Safety and stability of the new refrigerant

Safety is an important refrigerant selection criterion. Knowledge on their flammability, toxicity, carcinogenicity and similar data is necessary in order to judge on safety of a refrigerant. For R1336mzz-Z the safety data is available from the manufacturer, that emphasizes it nonflammability and “favorable toxicity profile” [4]. However, it is early to draw any conclusions until independent safety data will be available publicly available. One can recall a number of safety issues raised by Daimler regarding R1234yf – refrigerant commercialized for mobile air conditioning application.

As reported by DuPont, R1336mzz-Z shows surprisingly good stability, despite its unsaturated chemical nature [4]. In the sealed tube stability tests (at the conditions when refrigerant is being aged for 14 days at elevated temperature of up to 250 °C) the refrigerant decomposition is very low and characterized with negligible formation of decomposition products [4].

Is R1336mzz-Z a new refrigerant of a choice?

R1336mz-Z is nonflammable HFO refrigerant that is close to commercialization. DuPont has promised to start the small-scale production of the refrigerant during this year. It was primarily designed as a foam blowing agent [5], but could be potentially used in many applications, including Organic Rankine Cycles [6], high temperature heat pumps [3] and commercial chillers [4].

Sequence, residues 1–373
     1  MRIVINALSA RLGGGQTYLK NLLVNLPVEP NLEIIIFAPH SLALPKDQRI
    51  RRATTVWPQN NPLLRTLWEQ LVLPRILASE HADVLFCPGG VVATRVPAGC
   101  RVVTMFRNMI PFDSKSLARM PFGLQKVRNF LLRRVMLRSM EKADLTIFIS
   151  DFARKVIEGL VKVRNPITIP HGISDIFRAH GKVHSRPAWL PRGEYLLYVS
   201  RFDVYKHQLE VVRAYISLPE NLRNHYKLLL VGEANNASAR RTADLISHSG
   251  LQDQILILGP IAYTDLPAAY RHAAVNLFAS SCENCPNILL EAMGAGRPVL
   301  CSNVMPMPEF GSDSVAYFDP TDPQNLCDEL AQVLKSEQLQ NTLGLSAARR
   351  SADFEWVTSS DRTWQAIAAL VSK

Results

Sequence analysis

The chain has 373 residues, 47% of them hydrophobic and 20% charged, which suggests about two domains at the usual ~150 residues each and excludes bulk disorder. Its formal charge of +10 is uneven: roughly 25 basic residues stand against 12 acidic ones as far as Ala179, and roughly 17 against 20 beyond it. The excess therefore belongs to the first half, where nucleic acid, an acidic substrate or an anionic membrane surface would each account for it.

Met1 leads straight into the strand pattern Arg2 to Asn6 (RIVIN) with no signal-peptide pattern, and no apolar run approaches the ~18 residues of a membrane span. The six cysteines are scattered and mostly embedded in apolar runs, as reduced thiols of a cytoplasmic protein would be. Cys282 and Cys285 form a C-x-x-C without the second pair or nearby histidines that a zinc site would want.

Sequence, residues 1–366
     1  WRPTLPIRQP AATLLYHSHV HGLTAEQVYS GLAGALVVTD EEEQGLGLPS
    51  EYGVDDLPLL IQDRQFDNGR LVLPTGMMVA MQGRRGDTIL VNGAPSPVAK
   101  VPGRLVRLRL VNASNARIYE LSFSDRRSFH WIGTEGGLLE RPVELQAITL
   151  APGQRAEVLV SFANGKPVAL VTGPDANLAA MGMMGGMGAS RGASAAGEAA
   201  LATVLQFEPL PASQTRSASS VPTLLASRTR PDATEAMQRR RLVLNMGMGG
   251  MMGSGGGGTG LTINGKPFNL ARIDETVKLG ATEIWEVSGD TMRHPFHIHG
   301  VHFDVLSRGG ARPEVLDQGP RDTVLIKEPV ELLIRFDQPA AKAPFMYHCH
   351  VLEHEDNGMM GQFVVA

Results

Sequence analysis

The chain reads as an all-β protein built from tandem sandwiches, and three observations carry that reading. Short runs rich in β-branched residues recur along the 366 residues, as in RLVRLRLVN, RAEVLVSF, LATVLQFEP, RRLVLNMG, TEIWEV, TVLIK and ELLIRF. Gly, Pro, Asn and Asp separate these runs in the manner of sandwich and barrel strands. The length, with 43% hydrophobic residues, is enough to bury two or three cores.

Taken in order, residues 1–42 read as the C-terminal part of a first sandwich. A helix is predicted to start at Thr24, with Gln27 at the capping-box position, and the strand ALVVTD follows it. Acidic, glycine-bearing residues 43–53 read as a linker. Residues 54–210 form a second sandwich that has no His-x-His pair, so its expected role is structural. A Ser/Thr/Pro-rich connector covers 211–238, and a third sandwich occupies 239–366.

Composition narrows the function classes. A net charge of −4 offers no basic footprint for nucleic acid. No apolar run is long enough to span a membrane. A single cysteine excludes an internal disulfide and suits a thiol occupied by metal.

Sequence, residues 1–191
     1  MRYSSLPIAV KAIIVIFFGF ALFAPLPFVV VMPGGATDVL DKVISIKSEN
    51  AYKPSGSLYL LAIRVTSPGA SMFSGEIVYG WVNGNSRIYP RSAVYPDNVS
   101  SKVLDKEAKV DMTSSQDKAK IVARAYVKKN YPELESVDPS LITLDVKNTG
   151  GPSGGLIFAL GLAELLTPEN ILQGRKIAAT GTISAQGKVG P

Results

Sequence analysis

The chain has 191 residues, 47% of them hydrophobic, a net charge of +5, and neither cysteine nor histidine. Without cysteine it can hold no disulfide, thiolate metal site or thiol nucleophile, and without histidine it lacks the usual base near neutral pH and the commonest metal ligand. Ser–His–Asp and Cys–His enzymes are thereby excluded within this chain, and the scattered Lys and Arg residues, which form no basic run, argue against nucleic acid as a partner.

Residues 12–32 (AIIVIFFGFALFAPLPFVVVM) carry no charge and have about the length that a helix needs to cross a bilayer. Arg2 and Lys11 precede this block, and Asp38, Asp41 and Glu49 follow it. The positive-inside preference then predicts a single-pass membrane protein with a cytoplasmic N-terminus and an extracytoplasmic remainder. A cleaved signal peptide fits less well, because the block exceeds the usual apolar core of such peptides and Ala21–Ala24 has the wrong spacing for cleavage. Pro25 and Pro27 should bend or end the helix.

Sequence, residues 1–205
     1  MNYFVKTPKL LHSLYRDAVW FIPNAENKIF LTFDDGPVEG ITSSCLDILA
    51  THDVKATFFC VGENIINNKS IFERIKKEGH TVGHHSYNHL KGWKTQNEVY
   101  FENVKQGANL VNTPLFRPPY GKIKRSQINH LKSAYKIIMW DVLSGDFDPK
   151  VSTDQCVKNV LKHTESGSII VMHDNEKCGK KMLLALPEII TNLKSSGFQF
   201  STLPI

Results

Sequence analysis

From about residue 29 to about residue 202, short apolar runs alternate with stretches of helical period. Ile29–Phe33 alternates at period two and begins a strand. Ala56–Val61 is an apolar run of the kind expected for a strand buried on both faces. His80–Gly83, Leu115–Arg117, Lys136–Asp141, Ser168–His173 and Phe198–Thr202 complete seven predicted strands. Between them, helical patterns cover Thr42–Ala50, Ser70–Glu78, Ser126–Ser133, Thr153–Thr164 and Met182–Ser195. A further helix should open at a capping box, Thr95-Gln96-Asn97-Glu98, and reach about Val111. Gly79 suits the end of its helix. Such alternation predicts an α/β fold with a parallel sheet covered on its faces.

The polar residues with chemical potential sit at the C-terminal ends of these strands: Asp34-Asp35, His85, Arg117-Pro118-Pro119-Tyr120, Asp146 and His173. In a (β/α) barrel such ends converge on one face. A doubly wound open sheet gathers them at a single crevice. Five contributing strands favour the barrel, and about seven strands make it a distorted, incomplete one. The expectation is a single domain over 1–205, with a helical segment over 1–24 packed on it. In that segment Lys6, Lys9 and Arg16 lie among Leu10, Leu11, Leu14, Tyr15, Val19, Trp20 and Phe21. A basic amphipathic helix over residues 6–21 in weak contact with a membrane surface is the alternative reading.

According to what presented above, this refrigerant has no competition and, perhaps, no weak point that can restrain it from being used at high temperature heat pumps category. It should be mentioned, however, that most of the presented above data has been demonstrated by representatives of refrigerant developer and manufacturer. Thus, data from independent research groups would be necessary to draw final conclusions.

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X. Wang and K. Amrane, "AHRI Low Global Warming Potential Alternative Refrigerants Evaluation Program (Low-GWP AREP) – Summary of Phase I Testing Results," in 15th International Refrigeration and Air Conditioning Conference, Purdue, 2014.


K. Kontomaris, Low GWP working fluid for high temperature heat pumps: DR-2, 2013.


K. Kontomaris, Zero-ODP, low-GWP, nonflammable working fluids for high temperature heat pumps, Seattle, WA: 2014 ASHRAE Annual Conference, 2014.


K. Kontomaris, "A low GWP replacement for HCFC-123 in centrifugal chillers: DR-2," DuPont, 2010.


DuPont, "Our Next-Generation Foam Expansion Agent," 2014. [Online]. Available: bit.ly/DuPontFormacel1100. [Accessed 22 Aug 2014].


F. Moles, J. Navarro-Esbrí, B. Peris, A. Mota-Babiloni, A. Barragan-Cervera and K. Kontomaris, "Low GWP alternatives to HFC-245fa in Organic Rankine Cycles for low temperature heat recovery: HCFO-1233zd-E and HFO-1336mzz-Z," Applied Thermal Engineering, no. 71, pp. 204-212, 2014.